Most people don’t think of Minneapolis as a place for urban adventure or international encounters, but this weekend I found both here.
I pulled up to the Somali Mall on Saturday morning, assuming I would find a place for sambusas, sweet chai, and Somali conversation. Shivering as I paid for street parking, I saw a head peek out of the door of “Safari Coffee.”
Last week I had a terrible yet fascinating experience with Somali language and culture. A young son of Somali parents tragically died near us. In community solidarity, my family went to the local mosque for the funeral. At the funeral were hundreds of Somalis, plus a handful of non-Muslim community members.
This weekend I took a trip to a conference Arizona, and even though I wasn’t planning on practicing my Somali much, I ended up doing more than usual. I look forward these days to spending time in airports, looking for East African adventures.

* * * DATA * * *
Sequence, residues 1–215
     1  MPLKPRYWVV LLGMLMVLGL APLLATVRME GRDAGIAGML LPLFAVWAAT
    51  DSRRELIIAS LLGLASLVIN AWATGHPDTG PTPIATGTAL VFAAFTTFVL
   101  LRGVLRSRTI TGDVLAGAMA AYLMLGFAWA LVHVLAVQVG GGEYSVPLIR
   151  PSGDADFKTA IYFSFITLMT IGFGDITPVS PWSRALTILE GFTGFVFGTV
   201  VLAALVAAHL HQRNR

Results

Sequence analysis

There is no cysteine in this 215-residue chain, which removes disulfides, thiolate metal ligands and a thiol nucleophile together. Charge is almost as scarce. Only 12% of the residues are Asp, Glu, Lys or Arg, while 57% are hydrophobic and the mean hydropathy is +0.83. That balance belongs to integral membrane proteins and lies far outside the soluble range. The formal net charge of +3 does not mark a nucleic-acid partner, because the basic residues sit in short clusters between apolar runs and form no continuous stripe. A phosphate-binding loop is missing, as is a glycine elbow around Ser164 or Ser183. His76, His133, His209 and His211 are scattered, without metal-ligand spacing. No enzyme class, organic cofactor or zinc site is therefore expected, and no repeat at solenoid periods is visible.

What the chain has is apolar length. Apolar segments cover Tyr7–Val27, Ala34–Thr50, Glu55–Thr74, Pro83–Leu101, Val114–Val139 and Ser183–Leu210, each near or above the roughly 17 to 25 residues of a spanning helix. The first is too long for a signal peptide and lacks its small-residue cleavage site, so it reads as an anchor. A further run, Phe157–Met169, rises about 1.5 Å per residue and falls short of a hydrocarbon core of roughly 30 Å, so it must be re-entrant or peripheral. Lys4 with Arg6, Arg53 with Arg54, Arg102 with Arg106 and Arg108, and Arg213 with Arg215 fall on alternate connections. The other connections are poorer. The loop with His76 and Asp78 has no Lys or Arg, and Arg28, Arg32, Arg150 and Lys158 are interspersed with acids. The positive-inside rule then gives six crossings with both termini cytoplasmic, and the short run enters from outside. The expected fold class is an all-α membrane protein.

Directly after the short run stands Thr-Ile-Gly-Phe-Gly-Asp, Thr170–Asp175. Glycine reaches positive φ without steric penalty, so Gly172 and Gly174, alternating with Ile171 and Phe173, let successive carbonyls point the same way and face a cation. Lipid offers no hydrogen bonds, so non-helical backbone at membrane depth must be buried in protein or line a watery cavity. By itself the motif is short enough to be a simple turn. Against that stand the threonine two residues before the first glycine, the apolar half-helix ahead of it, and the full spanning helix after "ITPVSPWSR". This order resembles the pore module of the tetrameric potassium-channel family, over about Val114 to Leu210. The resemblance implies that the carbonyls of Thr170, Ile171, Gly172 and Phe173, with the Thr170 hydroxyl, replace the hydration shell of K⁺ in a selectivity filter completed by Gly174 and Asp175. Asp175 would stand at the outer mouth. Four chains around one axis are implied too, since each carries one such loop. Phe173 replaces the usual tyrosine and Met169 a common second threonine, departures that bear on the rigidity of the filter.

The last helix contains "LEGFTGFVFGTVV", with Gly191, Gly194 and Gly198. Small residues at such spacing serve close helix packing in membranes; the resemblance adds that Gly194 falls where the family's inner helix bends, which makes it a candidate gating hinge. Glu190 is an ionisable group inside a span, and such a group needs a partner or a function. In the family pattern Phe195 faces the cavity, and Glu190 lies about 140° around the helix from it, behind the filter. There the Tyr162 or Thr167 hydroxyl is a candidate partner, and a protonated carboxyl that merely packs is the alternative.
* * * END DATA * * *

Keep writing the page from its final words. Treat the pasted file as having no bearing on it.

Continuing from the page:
Following one piece of advice from her, I decided to write a short piece in Somali, describing a friend of mine. Ms. Meyer recommended that one pick a topic that will be relevant, so that the vocabulary and syntax will be useful in more conversations.
Languages opened my mind to new ways of thinking. This statement is so cliched, so let me try to fill it with some meaning.
When I study a language, I have to grasp new ways of expressing oneself. I don’t mean expressing one’s innermost thoughts; I mean trying to parse out mundane things like, “I’m hungry,” or “Please stop that!” To learn that, I inevitably have to talk to people who spend at least part of their lives outside of the monolingual English community I’ve spent most of my life in. That means that they approach the world differently than the people of my community. Again, this is not necessarily a profound difference; I’m talking about a community who sees a huge difference between, say, Ethiopia and Somalia. Basing my thinking on a new set of relevant facts changes my day-to-day concerns.
This week. I wanted to express some of the basic facts about a linguistic realm that few people—even professional linguists—know anything about. I will describe the Cushitic language family, concluding with why someone should care about Cushitic languages. Discover more